OPENING STATEMENT OF SENATOR JAMES M. INHOFE
COMMITTEE ON ENVIRONMENT AND PUBLIC WORKS
HEARING ON WATER RESOURCES DEVELOPMENT ACT (WRDA)
JUNE 23, 1998

Mr. Chairman, Thank you for holding this important hearing today. I would also like to thank the Ranking Member, Senator Baucus and the Chairman of the Subcommittee on Transportation and Infrastructure, Senator Warner for their leadership on this issue.

I want to start by stating that I have always had a good working relationship with the Corps of Engineers. As a Member of the House Committee on Public Works and Transportation Committee (now the Committee on Transportation and Infrastructure) and now as a member of this committee. I have had many occasions to work with the Corps and have been generally pleased with their actions.

The Water Resources Development Act of 1998 gives us an important opportunity to assist our communities with flood control and river and harbor protection projects. I have always supported the prudent expenditure of funds on infrastructure projects and will continue to do so in this bill.

There are, however, some areas of this language that cause me some serious concern. After reading the bill, I noticed that a couple sections deal with wetlands. Section 17 of this bill would authorize a new tax on commercial permit applicants to help the Corps cover the cost of preparing the Environmental Impact Statement required by the National Environmental Policy Act (NEPA) and the cost of delineation of wetlands for major development affecting wetlands. This section changes current policy by eliminating the fee charged to private individuals and shifts the fee completely to commercial applications. I question why anyone should pay a tax for the pleasure of going through the wetlands permitting process.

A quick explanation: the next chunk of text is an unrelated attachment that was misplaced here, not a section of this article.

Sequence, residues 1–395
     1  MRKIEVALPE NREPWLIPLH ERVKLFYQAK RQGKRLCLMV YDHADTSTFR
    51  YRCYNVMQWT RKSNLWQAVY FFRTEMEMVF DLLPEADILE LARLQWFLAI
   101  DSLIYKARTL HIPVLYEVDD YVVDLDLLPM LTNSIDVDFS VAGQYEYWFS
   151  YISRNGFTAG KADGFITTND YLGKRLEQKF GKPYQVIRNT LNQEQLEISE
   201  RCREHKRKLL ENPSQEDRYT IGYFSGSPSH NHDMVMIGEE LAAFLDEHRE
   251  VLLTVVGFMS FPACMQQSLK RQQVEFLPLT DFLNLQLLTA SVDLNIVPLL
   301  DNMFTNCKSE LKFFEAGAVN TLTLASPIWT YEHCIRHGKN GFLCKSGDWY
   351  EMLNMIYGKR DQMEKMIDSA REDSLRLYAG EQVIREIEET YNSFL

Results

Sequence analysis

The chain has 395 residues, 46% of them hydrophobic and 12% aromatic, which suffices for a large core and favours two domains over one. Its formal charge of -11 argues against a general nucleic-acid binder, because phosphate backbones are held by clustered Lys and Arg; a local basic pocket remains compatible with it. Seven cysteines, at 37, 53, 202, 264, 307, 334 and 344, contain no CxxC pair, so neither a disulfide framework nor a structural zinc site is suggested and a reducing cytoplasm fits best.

Section 4, which the Corps also calls "Challenge 21", will authorize a new Corps program that will seek non-structural approaches to preventing or reducing flood damages, which will include wetland restoration. To construct these projects, Congress will authorize $325 million over six years and establish a $75 million per-project cap. My concern with section is that congress waives its ability to approve of the individual projects. We set two reporting requirements; that the Secretary must notify the appropriate committees and he must wait for 21 calender days before proceeding with a project. In my opinion, we are giving up too much of our oversight authority.

My concern all along has been that we have wetlands policy spread out over too many jurisdictions covering too many functions. These examples highlight a fractioned wetland policy in which we address certain problems in one area with one approach and other problems in other areas with a different approach. I would like to see all wetland initiatives in a comprehensive bill so that we are very clear in our policy regarding wetlands. As most of you know, I am planning to introduce a comprehensive wetlands bill this summer. It is my sincere desire that the Corps will work with me on that to create a meaningful piece of legislation that all members on this committee can support.

On a final note, it is my understanding that the Corps will be providing my staff with draft data regarding a request that I made a year ago. I requested that the Corps calculate the average time from the initial application for a wetlands permit until the Corps deems the application packet complete. I will be anxiously awaiting the results of that study.

Thank you for the time Mr. Chairman. I look forward to working with you to draft a meaningful WRDA bill.